Deep thinkers are at work. We need to listen to the advice of health professionals, who understand the mortal dangers of this virus, and to economists who appreciate the long-term social and economic costs of tanking the economy.

Unemployment already exceeds anything in the past century, except the Great Depression. The sheer number of people affected is staggering. A projected 8.5 million Canadians will receive $2,000 monthly from the Canada Emergency Response Benefit (CERB). That’s nearly 40 per cent of Canada’s work force.

Unlike Employment Insurance, the CERB does not require recipients to look for work. It doesn’t require them to accept a job offer. Recipients can only earn up to $1,000 a month, anything more and the CERB is lost.

The disincentives to find work are part of the induced coma. Rest and relaxation is the prescription. Workers must stay home to avoid contagion. To encourage workers to help wake up the economy, they should be allowed to keep a larger portion of the benefit as they return to work with a gradual clawback as earnings rise.

This would be a step towards a basic annual income for all Canadians –an idea supported by both the right and left ends of the political spectrum. Sheila Regehr, chair of the Basic Income Canada Network, is urging just such a change. The group issued a policy paper in January that proposed a $22,000 annual benefit for a single adult. Under that proposal, benefits would be reduced by 40 cents for each dollar of earnings and would be eliminated entirely after a person’s income rose above $55,000.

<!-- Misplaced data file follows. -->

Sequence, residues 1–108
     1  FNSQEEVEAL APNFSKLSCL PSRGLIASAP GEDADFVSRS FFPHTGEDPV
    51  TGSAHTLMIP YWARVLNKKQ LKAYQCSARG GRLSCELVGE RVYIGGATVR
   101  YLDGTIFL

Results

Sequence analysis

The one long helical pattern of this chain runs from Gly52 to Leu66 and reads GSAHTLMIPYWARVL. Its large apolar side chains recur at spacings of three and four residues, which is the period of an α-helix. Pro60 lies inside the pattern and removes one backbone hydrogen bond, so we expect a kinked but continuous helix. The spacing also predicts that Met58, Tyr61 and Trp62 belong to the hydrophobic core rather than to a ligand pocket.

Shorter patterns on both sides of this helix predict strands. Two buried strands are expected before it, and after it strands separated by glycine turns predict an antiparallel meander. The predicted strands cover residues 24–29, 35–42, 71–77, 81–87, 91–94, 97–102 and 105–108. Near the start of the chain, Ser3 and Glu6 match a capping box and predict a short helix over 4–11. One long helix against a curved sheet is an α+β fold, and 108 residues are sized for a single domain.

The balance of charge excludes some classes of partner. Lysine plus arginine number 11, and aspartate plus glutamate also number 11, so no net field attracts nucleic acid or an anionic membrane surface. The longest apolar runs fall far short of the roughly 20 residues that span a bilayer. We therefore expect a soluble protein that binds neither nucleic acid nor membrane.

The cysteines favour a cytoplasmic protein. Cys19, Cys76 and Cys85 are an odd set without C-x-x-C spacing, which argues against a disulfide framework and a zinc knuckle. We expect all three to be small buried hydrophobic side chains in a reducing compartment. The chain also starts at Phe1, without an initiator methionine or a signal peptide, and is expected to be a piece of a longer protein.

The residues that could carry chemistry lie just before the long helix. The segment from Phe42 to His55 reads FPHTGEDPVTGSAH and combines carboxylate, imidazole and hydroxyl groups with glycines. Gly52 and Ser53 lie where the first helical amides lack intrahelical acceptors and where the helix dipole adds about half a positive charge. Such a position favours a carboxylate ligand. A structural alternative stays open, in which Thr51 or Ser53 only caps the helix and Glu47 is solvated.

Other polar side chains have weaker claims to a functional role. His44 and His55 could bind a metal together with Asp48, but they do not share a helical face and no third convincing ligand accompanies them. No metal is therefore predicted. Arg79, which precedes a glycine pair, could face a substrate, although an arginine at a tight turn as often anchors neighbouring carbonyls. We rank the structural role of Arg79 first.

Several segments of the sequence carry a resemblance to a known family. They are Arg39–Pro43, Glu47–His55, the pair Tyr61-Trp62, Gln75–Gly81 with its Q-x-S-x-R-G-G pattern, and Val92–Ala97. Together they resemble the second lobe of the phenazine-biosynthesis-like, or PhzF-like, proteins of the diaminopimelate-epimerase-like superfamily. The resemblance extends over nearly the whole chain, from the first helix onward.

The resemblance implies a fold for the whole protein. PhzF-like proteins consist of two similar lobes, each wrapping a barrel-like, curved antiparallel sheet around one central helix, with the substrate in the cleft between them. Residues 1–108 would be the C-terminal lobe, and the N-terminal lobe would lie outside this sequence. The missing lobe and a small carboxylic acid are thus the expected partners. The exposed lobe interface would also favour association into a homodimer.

Child care is another knotty problem. Parent returning to work need affordable child care, but they need to assured that they are not sending their children into harm’s way. Any uncertainty about public-health risks at daycares and schools will prove to be a significant disincentive for many Canadians to return to work.

The next decade may well be known as the Dark Twenties. The economy that awakes from the induced slumber might not recognize its former self.